December 19, 2011 § 7 Comments
Except for a very painful hand surgery my husband had in September, 2011 has been a straight stretch of river that flowed smoothly, allowing us to go on about our usual business of growing vegetables, singing, building fires in our wood stove, writing stories, talking to our dog Moo, watching our grandson acquire language—and opinions.
And each week I have posted to this blog, often wondering what I would write about–until I noticed a spider or remembered some long-gone uncle and found a place to begin.
My husband, Ray, saw each of these essays first, sometimes questioning my premise, always holding me accountable for making sense. When a post passed that test I’d take a deep breath and click “Publish.”
And then it was your turn.
All of you who have read this blog and commented have enriched my year immeasurably with thoughtful conversation. When I started Slow Dance Journal I never anticipated the wealth of stories I would hear, the philosophical wonderings the posts would elicit, or the fact that a community built in the air could feel so real, so present.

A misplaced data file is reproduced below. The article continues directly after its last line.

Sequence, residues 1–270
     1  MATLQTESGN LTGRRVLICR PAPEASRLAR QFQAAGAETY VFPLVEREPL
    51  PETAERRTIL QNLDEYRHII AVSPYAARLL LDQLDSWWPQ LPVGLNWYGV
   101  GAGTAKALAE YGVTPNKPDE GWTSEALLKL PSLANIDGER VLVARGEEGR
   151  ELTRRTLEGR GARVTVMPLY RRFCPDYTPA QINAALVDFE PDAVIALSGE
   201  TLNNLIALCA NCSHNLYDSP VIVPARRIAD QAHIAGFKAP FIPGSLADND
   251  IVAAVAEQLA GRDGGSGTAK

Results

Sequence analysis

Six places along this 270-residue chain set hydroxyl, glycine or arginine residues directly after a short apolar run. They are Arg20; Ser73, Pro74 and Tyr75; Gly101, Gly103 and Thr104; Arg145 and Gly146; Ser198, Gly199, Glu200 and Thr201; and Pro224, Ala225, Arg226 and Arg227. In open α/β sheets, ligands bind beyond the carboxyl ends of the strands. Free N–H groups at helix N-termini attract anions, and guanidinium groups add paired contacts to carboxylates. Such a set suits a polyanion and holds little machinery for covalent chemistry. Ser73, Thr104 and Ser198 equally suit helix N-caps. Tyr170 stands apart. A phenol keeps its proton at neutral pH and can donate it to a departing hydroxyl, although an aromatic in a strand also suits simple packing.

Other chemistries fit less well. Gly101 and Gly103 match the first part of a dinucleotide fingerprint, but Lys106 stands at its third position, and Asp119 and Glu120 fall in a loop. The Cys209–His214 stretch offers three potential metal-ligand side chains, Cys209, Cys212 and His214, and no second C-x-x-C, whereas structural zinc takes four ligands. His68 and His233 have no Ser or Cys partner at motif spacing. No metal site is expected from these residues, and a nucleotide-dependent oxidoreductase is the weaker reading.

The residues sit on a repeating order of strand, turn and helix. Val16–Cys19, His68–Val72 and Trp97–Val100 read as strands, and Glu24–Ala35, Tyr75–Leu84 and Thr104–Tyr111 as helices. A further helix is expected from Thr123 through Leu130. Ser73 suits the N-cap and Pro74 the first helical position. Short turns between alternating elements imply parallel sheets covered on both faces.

Thank you. You have given me new things to think about and confirmed my belief that telling the story of what it means to be human and alive is a collective venture.
May this holiday season bring visits from those we love, if only in memory. I know my grandmother, Nana, will be at my elbow when I make the traditional Christmas pound cake. The Swedish aunts and uncles will once again argue over the right time to put the lid on the pot of flaming glogg (the aunts enjoying the beauty of the flames, the uncles wanting to preserve the alcohol).
May this season bring us closer to friends almost forgotten, lonely neighbors, strangers encountered on the road. May we slow down enough to let the spirit of the holidays overtake us.
May we hang our hearts with the same abandon and generosity we hang ornaments, putting them within easy reach, accessible to chance encounter.
May we face the future with open arms and an understanding that even the most ordinary day is a gift.
Best wishes fellow travelers.
Note: The homemade wooden cat, circa 1925, was my dad’s, probably made by an uncle. If I were to speculate, I’d say that uncle was Teddy, the carpenter in a trio of brothers who all went into “the trades.” The cat was the kind of Christmas gift you could find a pattern for in a magazine. The eyes are thumbtacks, the nose, is the head of a nail. The nail itself is the fulcrum which allows the cat to cock its head and wag its tail–as if a cat were undignified enough to wag.